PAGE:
Going to a Catholic School in the ’50s and early ’60s, Friday Fish was an absolute. That was every Friday – not just the Fridays during Lent. In theory, of course, Catholics are still required to abstain from meat on Fridays, but can eat meat if they do another sacrifice or good deed in its place. Back when I was a kid, the US church was liberal in its politics and very conservative in its rules. Today, the politics are conservative and the rules have been liberalized.

Go figure.

But those Meatless Friday Dinners of my youth… My mother wasn’t a huge fish fan – other than fried shrimp or petrale sole – so our meatless meals rarely were seafood. She made a great tuna salad mixed into iceberg lettuce, but fish sticks and all of the other fish portioned things of the day were not on our plates. I actually grew up not knowing who Mrs. Paul was. I also never had boxed macaroni and cheese – mom made her own – and it was awesome!

Fast-forward 55 or so years and here I am cooking scallops and remembering those thrilling days of yesteryear.

They were thrilling, too. There’s something to be said for never having had fish sticks or boxed mac & cheese as a child. While mom kinda took our likes and tastes into account, the reality is, we ate what she liked. She was the cook, she made the meals, we ate what she cooked. Or, we didn’t, but then we didn’t get dessert. Very simple. Very basic. No ambiguity.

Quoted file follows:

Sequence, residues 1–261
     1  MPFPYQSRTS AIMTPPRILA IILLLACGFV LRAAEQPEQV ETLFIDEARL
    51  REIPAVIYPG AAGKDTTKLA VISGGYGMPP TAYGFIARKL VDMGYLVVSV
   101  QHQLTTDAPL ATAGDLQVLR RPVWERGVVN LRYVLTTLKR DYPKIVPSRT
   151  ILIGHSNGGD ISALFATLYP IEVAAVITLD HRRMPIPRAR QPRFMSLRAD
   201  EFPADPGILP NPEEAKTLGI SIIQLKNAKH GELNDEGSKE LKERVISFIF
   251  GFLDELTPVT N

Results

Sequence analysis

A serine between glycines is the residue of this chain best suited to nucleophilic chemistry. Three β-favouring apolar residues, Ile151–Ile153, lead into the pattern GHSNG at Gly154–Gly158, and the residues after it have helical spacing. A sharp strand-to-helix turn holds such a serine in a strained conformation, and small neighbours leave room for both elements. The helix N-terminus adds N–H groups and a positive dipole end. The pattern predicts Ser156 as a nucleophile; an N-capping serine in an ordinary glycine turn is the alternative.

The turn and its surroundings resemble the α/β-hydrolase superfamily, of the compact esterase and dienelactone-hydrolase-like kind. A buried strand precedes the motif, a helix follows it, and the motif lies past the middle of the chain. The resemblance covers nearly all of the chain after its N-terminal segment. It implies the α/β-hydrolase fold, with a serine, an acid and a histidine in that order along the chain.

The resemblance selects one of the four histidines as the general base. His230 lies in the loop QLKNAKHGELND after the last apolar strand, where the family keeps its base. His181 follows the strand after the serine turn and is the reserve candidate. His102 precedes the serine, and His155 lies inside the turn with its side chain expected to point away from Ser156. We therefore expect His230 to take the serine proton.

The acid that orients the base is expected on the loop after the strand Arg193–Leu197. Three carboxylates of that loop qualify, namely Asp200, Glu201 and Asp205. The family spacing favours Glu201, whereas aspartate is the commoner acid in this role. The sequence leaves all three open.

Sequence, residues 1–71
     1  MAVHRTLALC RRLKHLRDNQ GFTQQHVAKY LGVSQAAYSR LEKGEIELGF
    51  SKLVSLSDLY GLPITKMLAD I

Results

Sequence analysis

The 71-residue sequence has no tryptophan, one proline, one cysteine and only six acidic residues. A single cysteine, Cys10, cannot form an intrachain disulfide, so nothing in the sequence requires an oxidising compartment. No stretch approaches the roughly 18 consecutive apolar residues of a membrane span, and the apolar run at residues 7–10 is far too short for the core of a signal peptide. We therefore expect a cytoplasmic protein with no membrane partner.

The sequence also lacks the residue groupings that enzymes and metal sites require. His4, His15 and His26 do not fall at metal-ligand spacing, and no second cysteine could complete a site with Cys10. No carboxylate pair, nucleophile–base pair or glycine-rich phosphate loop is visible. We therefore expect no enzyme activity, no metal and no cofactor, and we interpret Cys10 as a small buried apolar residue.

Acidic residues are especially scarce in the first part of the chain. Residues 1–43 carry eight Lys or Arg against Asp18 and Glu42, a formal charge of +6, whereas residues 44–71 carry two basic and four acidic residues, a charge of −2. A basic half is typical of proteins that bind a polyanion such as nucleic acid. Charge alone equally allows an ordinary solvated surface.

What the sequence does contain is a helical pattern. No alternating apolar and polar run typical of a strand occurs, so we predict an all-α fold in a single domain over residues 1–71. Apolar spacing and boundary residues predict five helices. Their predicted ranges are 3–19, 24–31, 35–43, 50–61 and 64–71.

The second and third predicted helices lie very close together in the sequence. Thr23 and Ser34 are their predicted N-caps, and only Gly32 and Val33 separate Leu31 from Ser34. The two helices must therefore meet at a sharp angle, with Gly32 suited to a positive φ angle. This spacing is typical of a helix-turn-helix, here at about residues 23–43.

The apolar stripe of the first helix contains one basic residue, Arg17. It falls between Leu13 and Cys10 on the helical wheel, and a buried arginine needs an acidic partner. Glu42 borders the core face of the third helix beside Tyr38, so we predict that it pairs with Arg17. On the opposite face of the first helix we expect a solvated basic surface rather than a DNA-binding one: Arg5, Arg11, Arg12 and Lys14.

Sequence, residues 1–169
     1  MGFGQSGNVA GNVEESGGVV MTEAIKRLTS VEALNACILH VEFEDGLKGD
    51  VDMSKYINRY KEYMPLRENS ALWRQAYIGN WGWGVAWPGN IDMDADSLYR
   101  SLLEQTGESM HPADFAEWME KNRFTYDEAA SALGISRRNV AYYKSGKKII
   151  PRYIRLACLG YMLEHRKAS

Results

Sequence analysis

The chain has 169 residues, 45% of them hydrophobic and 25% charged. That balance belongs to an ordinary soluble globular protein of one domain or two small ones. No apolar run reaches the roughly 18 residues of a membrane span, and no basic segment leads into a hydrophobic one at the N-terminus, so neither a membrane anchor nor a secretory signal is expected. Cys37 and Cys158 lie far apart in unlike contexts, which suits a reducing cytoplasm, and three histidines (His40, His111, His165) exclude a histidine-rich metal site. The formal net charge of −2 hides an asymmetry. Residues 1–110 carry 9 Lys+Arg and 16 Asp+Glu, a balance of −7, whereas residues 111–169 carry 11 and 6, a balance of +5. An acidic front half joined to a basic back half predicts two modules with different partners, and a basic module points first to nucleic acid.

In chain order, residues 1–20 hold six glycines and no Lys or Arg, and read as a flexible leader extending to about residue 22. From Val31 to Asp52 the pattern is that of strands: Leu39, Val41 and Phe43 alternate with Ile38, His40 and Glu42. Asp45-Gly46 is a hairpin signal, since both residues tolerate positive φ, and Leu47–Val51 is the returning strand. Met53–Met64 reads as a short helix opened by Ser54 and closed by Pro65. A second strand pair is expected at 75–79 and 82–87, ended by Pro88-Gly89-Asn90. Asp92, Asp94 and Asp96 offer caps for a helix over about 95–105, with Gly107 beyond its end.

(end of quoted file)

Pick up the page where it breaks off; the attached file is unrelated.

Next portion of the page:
It’s also funny looking at her cook books from back then and seeing the ‘convenience foods’ that were used… Today, it would all be considered cooking from scratch and the convenience foods of yesterday way too much work.

How times have changed.

So… somewhere along here I was talking about cooking scallops, tonight. Mom would have liked these – a simple saute in butter and olive oil, some parsley, basil, shallot, white wine, and lemon. Served with white rice and fresh green beans with sliced almonds.

The rice took 20 minutes, the green beans less than 10, and the scallops less than 5.

Quicker than fish sticks. Eat your heart out, Mrs. Paul.